Consumer and developer app-etite for Google Play and Apple ‘marketplaces’

By Ben Hamilton and Monique Sterrenberg

The Australian Competition and Consumer Commission (ACCC) has announced it will be scrutinising mobile application stores as part of its five-year inquiry examining markets relating to the supply of digital platform services in Australia.

The ACCC has expressed the view that mobile app sales are ‘dominated’ by the Apple App Store, for iOS, and the Google Play Store, for Android devices.

The focus of the ACCC’s inquiry will primarily be on competitiveness, efficiency and transparency of markets associated with the supply of mobile apps.[1] A particular focus is on the Apple and Google app ‘marketplaces’. The ACCC has not ruled out including other significant suppliers of app marketplaces in Australia.[2]

Inquiry focus

The key issues that the ACCC is interested in are:

  1. The extent of available consumer choice for marketplaces and getting a better understanding of how consumers and app developers choose to engage with these marketplaces.
  2. The collection and use of consumer data, including the amount and type of data being collected.
  3. The availability of information to consumers prior to downloading an app, including information regarding quality and associated costs.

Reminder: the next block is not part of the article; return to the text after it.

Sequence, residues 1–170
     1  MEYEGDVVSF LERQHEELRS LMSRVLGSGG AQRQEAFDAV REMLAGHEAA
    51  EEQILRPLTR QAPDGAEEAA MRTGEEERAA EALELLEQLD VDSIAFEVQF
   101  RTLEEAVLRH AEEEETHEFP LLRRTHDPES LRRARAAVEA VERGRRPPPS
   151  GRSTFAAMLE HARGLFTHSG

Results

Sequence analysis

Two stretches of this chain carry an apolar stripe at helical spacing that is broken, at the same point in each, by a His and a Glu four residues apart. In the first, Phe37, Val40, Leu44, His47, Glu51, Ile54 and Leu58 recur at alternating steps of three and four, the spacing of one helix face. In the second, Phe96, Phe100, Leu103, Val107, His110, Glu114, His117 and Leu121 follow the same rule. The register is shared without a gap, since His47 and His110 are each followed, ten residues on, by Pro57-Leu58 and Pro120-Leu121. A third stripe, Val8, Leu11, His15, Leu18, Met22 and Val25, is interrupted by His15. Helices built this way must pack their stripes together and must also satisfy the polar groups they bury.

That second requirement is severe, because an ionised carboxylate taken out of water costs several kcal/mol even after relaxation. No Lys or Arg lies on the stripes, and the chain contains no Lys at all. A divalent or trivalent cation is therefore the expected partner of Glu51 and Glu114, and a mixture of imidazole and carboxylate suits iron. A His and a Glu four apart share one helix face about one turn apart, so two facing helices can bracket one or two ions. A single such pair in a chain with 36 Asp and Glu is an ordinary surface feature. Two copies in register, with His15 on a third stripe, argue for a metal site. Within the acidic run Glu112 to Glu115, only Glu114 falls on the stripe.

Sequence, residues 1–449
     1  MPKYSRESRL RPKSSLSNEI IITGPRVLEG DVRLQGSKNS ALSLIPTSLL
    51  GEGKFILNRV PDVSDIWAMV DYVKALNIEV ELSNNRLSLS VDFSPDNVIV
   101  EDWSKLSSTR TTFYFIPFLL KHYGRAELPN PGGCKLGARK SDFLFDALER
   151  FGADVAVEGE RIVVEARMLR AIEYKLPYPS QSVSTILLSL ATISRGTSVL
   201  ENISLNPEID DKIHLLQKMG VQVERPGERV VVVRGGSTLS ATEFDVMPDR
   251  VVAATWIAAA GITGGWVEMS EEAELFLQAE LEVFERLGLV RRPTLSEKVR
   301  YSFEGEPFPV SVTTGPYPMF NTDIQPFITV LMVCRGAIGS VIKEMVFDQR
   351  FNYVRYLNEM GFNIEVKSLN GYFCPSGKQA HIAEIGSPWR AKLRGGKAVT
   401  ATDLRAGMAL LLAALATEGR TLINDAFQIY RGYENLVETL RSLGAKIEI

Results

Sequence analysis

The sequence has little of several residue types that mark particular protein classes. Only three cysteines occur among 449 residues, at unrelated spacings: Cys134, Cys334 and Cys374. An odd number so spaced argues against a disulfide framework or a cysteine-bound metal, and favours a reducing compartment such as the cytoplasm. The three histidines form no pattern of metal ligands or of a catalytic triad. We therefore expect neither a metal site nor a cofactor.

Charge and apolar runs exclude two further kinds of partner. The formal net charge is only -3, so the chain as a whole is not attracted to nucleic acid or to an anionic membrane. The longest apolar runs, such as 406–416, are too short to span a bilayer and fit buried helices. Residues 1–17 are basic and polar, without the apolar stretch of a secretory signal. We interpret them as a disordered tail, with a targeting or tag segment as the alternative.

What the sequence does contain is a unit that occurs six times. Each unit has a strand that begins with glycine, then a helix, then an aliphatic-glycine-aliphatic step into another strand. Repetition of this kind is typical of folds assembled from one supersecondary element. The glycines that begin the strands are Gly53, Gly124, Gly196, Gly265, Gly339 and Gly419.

4. The ‘in-app purchase’ requirement and fees charged by Apple and Google.
  5. The availability of information to developers regarding Apple and Google’s review process, their ranking system and the effects these policies have on app developers in Australia.
  6. Consumer experience relating to scams and reporting these scams.

Important dates

Submissions to the ACCC on matters outlined in its Issues Paper are to be made by 2 October 2020 with the report due to the Treasurer by 31 March 2021. The ACCC has published factsheets for consumers and app developers.

[1] Australian Competition and Consumer Commission, ‘Digital platform services Inquiry - March 2021 report on app marketplaces’ (Issues paper, September 2020) 5.

[2] Ibid 10.


Ben Hamilton

Partner & Technology and Digital Economy Co-Lead

James Deady

Partner & Technology and Digital Economy Co-Lead

John Gray

Partner, Technology & Digital Economy Co-Lead and NSW Government Co-Lead

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